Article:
Why J-Lo and Gillette want in on the eSports action

Jennifer Lopez.
Jennifer Lopez.

LONDON • What do Jennifer Lopez and Mr Stan Kroenke have in common? The superstar singer and majority share-holder of English football team Arsenal have both put money into eSports teams, as the gaming competitions with millions of followers worldwide aim for even greater public appeal.

Lopez is among a team of investors that has put US$15 million (S$20 million) into a team franchise for the new Overwatch League, in which teams from cities such as Seoul, San Francisco and London play Overwatch, a mass-participation shooting game.

The competition, which will be launched next month, also includes Overwatch League team Los Angeles Gladiators, run by Mr Kroenke, a serial sports entrepreneur.

Other top sport stars are investing in eSports franchises too, including Formula One driver Fernando Alonso and former basketball player Magic Johnson.

When the United States-based SportsBusiness Journal released its annual list of the 50 most influential people, 10 were from eSports.

The International Olympic Committee has taken a big step towards recognising the pursuit, opening up a chance that eSports could feature in the 2024 Paris Olympics, two years after it debuts at the Asian Games in Hangzhou.

The global eSports economy has grown by 34 per cent year on year to US$660 million. It will reach US$1.5 billion by 2020, according to Newzoo, which provides market intelligence.

It estimates that eSports attracts an audience of 385 million people, the majority of whom follow the action online - via digital broadcast platforms such as Twitch, which has more than 400 million views a month. There are also sizeable crowds in the real world. The biggest eSports tournament, the Intel Extreme Masters in Katowice, Poland, attracts more than 100,000 fans over three days.

Sponsorship and advertising already account for much of eSports revenue, at 38 per cent and 22 per cent of turnover respectively.

Money flows into leagues, teams and players, but until this year, interest has largely come from information technology/computer-related brands such as Intel and Logitech, or fast-moving consumer goods - staple gamer fuel such as fizzy drinks and snacks.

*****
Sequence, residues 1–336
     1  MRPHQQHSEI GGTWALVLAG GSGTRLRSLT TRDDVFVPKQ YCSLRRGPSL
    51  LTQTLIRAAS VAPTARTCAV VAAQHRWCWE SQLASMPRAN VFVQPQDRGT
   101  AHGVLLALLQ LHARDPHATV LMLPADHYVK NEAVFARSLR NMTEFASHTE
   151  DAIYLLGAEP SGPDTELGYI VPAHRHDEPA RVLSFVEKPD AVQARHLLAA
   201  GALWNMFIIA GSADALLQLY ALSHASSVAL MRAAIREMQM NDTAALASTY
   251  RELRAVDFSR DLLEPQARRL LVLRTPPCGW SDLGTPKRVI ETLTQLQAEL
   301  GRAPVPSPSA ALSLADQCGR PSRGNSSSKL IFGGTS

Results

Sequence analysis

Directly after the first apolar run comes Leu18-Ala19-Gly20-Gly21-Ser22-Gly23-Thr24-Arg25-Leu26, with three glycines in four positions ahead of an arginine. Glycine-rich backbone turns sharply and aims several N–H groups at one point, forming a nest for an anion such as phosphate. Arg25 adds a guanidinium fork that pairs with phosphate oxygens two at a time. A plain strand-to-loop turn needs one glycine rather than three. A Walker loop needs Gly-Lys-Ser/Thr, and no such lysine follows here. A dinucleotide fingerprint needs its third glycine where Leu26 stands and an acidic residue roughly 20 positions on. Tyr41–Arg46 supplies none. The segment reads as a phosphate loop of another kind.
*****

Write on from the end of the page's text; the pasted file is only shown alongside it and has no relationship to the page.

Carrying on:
However, the kinds of brands associated with more conventional sports also woke up to the market's potential this year. There were bookings from carmakers such as Audi and Mercedes-Benz, fashion brands such as Jack & Jones and consumer goods giant Gillette.

All were lured by a lucrative demographic. About eight in 10 eSports watchers are men in their mid-20s who have disposable income and generally shun traditional media.

"We're starting to see the mainstream brands," said Mr James Dean, British head of ESL, the biggest eSports league organiser.

Nielsen data shows a decent return for the commercial backers.

Audi received a return of more than 10 times its investment during the Eleague finals and the DreamHack Las Vegas tournament at the beginning of the year.

Advertisers will not get carried away as eSports is no National Football League or Premier League. But the more popular it becomes, the more credibility it amasses among potential backers.

A good eSports game needs a specific appeal to attract mass audiences, said Mr Michele Attisani, co-founder of gaming platform Faceit. "A top eSports game needs to have a fast-moving mix of strategy and game play to capture a large competitive community."

Popular games include Dota 2, played with two teams of five; and the multiplayer battle game, League Of Legends, which is eSports' biggest game, with 100 million monthly players.

The most successful eSports player of all time is German-Iranian Kuro Salehi Takhasomi, 25, a Dota 2 professional who has earned US$3.3 million so far in his career.

THE GUARDIAN

A version of this article appeared in the print edition of The Straits Times on December 27, 2017, with the headline 'Why J-Lo and Gillette want in on the eSports action'. Print Edition | Subscribe